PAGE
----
The career of Alice Cordelia Morse reflects the changing role of women in art and society in the late 19th century. Morse was able to achieve success in many artistic fields, designing book covers, illustrations, and stained glass, while also experimenting with other decorative media such as china painting and needlework. Although this title-page design was never published, it appears to have been intended for What Women Can Earn: Occupations of Women and Their Compensation (1899), a collection of essays on the various professions available to women in America. The design demonstrates the increasing sense of power and independence that women like Morse were experiencing as more career opportunities opened up for them.
The preface of the publication summarizes its content: “The nature of the work in each trade, the preparation required, the cost of training and apprenticeship, the need of economy of strength as well as of money, the places where instruction may be obtained, the best means of attaining success, and, finally, the probable remuneration, are explained clearly and sympathetically.” Intended as a useful guide to help women make an informed decision about which occupation they should pursue and how they should pursue it, the book also conveys a sense of optimism about the position of women in society. The author of the preface observes, “nothing is more marked, at this time, in all parts of the country, than the fact that women with proper training are making themselves formidable competitors with men in a great variety of practical occupations, in which twenty-five years ago they were scarcely known, and in some of them actually displacing men.”
During the late 19th century, the Aesthetic and Arts and Crafts movements were transforming the field of decorative arts and creating new work opportunities for female artists and designers like Morse. Morse attended one of the few art schools open to women, the Woman’s Art School of the Cooper Union, and studied with John La Farge, a master of stained-glass techniques. Morse then worked for the firm of Louis C. Tiffany, designing at least seventy stained-glass windows, before she left in 1889 to focus on book-cover commissions. She also decided to return to Cooper Union for postgraduate studies, and by the age of 29, she appears to have succeeded in supporting herself through her work; as the annual report for the Woman’s School notes, “A young woman reports $280 earned by making designs for book covers for Scribner’s, Harper’s, and others.”
In addition, Morse chaired the Sub-Committee on Book-Covers, Wood Engraving, and Illustration of the Board of Women Managers for the Woman’s Building at the World’s Columbian Exposition in 1893. The exposition was the first fair to have a building dedicated to the accomplishments of women that was also planned and administered by women. Morse’s contributions included writing for the official guide, Art and Handicraft in the Woman’s Building, and the creation of an award-winning exhibition of her book covers inside the building. Morse’s career also involved work for the New York Society of Decorative Art, an organization that was committed to helping American women artists by sponsoring courses and providing a venue for exhibitions, lectures, and the sale of decorative goods made by women.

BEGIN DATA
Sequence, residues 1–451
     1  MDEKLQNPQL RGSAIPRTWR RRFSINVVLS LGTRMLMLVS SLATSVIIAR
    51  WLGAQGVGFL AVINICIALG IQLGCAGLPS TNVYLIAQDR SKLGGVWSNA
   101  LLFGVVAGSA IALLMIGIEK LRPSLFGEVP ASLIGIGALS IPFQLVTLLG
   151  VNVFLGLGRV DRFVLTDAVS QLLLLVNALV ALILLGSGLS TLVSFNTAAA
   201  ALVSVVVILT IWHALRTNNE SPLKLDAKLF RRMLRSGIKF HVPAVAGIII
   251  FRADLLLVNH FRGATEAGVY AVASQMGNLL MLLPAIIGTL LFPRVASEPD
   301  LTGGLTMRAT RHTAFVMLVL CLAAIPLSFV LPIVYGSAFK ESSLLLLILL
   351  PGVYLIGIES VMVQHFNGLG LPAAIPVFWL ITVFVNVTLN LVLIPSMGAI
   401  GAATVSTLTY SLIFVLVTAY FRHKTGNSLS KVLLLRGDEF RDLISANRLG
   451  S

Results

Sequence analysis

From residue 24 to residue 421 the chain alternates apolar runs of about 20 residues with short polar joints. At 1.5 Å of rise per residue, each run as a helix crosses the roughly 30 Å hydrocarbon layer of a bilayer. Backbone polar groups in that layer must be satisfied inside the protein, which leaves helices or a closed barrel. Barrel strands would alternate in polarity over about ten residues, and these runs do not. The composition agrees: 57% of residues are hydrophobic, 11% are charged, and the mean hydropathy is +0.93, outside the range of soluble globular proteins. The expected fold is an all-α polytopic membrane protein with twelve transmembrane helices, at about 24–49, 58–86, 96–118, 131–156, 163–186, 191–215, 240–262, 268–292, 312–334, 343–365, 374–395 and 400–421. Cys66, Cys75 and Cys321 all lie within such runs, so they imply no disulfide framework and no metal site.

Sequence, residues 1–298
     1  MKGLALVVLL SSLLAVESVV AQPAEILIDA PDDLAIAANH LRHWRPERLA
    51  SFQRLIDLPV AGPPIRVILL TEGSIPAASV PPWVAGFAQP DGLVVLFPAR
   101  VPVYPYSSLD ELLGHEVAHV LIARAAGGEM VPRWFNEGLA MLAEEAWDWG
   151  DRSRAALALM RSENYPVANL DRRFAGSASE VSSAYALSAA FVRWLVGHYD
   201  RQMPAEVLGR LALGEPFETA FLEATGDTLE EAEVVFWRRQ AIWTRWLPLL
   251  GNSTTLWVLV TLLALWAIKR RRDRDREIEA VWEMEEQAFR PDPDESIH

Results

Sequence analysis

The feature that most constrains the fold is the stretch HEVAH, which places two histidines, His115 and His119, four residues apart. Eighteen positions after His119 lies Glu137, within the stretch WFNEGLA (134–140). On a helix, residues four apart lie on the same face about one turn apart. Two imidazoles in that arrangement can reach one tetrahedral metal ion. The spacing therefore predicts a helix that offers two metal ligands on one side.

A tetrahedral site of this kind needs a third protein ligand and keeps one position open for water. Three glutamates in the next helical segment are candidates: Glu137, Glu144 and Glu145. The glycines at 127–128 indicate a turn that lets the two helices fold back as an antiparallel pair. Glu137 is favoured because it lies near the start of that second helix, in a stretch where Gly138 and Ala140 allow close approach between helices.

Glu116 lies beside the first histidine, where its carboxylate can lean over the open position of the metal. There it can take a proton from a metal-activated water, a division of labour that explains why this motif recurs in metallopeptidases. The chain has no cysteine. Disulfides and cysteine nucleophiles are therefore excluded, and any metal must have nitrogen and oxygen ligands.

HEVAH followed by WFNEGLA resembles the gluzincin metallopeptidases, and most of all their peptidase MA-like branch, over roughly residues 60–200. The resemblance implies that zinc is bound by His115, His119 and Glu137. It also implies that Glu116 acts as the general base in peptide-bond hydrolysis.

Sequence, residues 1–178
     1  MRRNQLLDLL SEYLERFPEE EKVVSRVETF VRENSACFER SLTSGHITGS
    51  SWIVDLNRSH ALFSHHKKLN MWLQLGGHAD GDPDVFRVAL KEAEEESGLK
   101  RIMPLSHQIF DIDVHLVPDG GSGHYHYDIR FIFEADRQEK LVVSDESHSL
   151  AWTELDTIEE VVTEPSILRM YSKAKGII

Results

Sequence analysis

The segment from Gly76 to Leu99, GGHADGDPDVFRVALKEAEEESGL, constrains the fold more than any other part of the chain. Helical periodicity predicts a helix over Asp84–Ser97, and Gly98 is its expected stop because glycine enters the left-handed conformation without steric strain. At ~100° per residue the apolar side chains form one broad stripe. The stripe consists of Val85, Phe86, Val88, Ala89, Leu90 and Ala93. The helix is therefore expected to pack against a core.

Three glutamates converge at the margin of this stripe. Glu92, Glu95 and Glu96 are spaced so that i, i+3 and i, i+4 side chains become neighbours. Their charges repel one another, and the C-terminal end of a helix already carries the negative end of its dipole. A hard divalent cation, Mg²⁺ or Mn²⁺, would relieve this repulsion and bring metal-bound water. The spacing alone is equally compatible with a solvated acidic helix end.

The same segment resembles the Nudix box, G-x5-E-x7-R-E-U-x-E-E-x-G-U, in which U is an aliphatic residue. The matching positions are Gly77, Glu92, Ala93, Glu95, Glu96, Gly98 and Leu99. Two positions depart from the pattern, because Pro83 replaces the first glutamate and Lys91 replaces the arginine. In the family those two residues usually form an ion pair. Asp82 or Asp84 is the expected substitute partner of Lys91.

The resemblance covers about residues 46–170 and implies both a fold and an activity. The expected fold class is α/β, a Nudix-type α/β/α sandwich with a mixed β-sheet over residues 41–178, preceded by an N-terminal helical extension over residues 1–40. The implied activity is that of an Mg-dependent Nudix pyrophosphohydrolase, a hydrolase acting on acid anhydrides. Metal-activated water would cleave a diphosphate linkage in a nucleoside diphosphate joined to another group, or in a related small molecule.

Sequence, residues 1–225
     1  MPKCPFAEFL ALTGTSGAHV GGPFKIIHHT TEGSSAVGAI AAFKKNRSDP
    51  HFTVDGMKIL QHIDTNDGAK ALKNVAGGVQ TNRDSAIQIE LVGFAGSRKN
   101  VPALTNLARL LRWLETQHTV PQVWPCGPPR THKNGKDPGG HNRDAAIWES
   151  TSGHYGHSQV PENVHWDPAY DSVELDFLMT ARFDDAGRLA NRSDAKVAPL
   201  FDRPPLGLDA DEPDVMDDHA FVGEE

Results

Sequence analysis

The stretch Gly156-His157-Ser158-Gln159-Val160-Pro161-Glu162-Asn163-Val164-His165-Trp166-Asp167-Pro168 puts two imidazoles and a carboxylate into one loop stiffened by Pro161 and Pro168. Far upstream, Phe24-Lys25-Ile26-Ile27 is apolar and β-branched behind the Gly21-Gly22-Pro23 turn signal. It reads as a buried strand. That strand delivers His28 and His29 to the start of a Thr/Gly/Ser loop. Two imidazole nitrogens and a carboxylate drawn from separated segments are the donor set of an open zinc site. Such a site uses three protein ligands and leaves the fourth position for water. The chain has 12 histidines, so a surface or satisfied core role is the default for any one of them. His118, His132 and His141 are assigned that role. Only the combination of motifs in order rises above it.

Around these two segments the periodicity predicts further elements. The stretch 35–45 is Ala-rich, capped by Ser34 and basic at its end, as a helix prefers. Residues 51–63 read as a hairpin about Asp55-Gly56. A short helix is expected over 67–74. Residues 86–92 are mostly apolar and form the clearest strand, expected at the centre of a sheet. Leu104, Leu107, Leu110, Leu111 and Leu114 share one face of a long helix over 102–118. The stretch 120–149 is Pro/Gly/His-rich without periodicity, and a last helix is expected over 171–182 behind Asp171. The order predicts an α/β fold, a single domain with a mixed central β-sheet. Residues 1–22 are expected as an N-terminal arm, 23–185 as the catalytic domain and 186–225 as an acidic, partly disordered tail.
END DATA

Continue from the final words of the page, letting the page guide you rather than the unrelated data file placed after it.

Morse was a prolific and successful creator of book-cover designs—she produced eighty-three covers for a variety of New York publishers, achieved widespread acclaim for her abilities, and participated in bookbinding exhibitions at the Grolier Club and Aldine Club. She was committed to the principles of the Aesthetic and Arts and Crafts movements, seeking to bring art to all aspects of everyday life. Morse helped elevate the status of the commercially-produced book through the application of diverse types of ornament—including Classical, Celtic, Arabic, Gothic, Rococo, and Art Nouveau motifs—to book design, taking inspiration from British designers such as Owen Jones, the author of the design masterpiece Grammar of Ornament (1856).
The swirling, intertwining vines in this title-page design recall the plant forms used by William Morris in his textile and wallpaper designs. They overlap with the woman’s figure and wrap around objects as they move across the composition, conveying a sense of uninhibited growth and dynamic energy that resonates with the expansion of opportunities for women. Standing tall and composed, with a row of gold flowers crowning her red hair, and a gold medallion strung from bands at the center of her long, black dress, the woman resembles a powerful Celtic priestess. The large, gold book, held in a prominent position across her body, indicates a direct relationship between knowledge and power while alluding to the connection between books and the successful career of Morse herself. Framed on either side by tall, black torches with curling flames, the woman suggests the ability of all women to eternally achieve and inspire.
Carey Gibbons is a Cataloguer in the Drawings, Prints & Graphic Design Department at Cooper Hewitt, Smithsonian Design Museum.
 What Women Can Earn: Occupations of Women and Their Compensation (New York: Frederick A. Stokes Company, 1899), iii.
 Ibid., iv.
 Mindell Dubansky, “The Proper Decoration of Book Covers and Alice Cordelia Morse,” Gazette of the Grolier Club, New Series, no. 52 (2001): 64.
 Mindell Dubansky, “Alice Cordelia Morse (1863–1961),” accessed Nov. 13, 2018, https://www.metmuseum.org/toah/hd/mors/hd_mors.htm.